“Some clans were at war with each other, while others were allies to varying degrees.”
Pa’hu’s silence was his acquiescence.
“Now, did your Schie Bura ever take it upon himself to tell the other clan leaders what to do or how to do it?”
Pa’hu could see where this was going. “It is not for Schie Bura to decide the path of the other clans.”
“Think of us as two allied clans,” said Kreeb. “I will do with my prisoners as I like, and you will do with yours however you see fit. Set them free, if that is your wish, or bury them in the ground. I won’t stop you.”
Pa’hu seethed. He very much wanted to challenge Kreeb to battle and force him to set the ghasiv free. Yet he could not. He had a duty to his people he could not ignore. Azren might see this war as a quest for power, but it was different for the Northerners. To some, it was about revenge; for others, taking back what was rightfully theirs. But Pa’hu realized it had grown to be much more. It meant peace, finally, between the clans and a new, less treacherous life for his people.
And besides, he knew Kreeb was right. He could not tell his allies what to do any more than they could tell him. He let his anger drain into the cold stones underfoot.
“Do we understand each other?” asked Kreeb.
Pa’hu nodded gravely.
Kreeb went to the window and clapped his hands. By the time he turned back around, the whipping had recommenced.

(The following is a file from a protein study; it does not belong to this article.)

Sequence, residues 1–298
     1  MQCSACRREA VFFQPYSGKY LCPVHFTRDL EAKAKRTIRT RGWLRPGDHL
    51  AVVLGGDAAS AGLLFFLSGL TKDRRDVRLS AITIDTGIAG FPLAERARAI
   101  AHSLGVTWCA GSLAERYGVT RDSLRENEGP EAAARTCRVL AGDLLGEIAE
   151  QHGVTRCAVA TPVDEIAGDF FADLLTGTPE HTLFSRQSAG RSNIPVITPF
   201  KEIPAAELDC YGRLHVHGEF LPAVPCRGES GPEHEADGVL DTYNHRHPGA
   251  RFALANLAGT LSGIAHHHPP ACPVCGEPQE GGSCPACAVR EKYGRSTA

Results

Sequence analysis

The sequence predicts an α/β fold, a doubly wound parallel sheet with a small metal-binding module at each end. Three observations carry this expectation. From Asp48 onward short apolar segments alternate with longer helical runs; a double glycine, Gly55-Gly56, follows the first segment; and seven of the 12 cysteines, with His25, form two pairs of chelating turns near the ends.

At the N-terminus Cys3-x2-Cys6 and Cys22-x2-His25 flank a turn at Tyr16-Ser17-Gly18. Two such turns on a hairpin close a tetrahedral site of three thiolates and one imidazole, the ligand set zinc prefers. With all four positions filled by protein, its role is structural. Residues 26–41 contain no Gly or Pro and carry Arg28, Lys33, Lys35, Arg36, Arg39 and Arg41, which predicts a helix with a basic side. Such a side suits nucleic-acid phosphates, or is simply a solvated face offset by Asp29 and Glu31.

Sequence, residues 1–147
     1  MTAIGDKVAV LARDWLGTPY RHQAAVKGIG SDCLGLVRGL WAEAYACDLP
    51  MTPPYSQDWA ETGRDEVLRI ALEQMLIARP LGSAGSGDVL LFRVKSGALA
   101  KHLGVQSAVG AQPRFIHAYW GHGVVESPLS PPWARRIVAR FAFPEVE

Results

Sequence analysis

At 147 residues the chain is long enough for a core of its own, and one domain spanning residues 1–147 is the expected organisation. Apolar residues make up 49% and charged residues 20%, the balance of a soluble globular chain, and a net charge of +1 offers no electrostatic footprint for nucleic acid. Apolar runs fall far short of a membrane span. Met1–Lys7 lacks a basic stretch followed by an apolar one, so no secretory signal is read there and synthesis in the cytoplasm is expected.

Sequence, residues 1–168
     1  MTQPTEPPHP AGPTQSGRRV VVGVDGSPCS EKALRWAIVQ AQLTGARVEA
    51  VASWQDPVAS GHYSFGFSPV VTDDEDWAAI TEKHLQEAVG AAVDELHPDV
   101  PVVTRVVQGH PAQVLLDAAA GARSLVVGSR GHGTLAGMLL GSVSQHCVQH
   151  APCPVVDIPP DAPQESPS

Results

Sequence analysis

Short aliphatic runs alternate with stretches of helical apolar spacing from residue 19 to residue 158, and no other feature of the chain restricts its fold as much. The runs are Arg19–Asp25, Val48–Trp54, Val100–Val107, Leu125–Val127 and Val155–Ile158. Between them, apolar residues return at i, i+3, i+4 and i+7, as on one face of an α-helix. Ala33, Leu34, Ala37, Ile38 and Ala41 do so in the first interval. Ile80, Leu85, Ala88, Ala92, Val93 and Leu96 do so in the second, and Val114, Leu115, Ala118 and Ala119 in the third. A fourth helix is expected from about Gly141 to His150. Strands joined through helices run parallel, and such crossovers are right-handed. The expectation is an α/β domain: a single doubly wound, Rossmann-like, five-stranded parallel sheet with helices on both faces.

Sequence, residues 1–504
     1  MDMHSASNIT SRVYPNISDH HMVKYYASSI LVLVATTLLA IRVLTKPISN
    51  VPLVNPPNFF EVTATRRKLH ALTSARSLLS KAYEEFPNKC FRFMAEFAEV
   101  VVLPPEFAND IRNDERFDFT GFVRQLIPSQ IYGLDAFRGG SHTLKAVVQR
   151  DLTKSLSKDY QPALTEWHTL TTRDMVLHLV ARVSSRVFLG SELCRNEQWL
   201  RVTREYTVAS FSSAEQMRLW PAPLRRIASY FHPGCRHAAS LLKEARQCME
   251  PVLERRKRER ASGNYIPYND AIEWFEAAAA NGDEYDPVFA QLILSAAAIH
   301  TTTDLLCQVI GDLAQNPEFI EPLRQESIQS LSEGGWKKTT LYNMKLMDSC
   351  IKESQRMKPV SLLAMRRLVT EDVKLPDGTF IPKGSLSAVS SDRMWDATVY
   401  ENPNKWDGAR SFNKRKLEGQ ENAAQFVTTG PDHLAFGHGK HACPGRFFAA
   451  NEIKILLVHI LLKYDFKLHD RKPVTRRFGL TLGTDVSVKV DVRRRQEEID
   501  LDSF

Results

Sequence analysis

Seeing Pa’hu’s sullen face, Kreeb attempted a conciliatory tone. “Do not worry yourself. Soon we shall go our separate ways and fight our separate battles. Your people will not have to be witness to our ignoble actions.”
He beckoned Pa’hu to the window. “Come. What we have here is monumental. Something that may not be seen again for a hundred years or more.” Then, raising his voice, “My dear, please join us.”
The queen barely fit between them, pressing her body to Pa’hu as they surveyed the scene.
“I want the two of you to look at what we’ve assembled here,” Kreeb said. “Before us is the bulk of Azren’s army. To the northwest are the bulstan, strong and unafraid, fierce fighters and loyal. You cannot ask for better soldiers—except perhaps for our Northerner allies. Camped alongside them is a sea of red, my own people. The kobolds are so vast in numbers it is said they could fill the Bay of Edingarn and still have enough left over to equal the size of Mount Siberooth.”
He allowed a moment for the scope of what he said to sink in.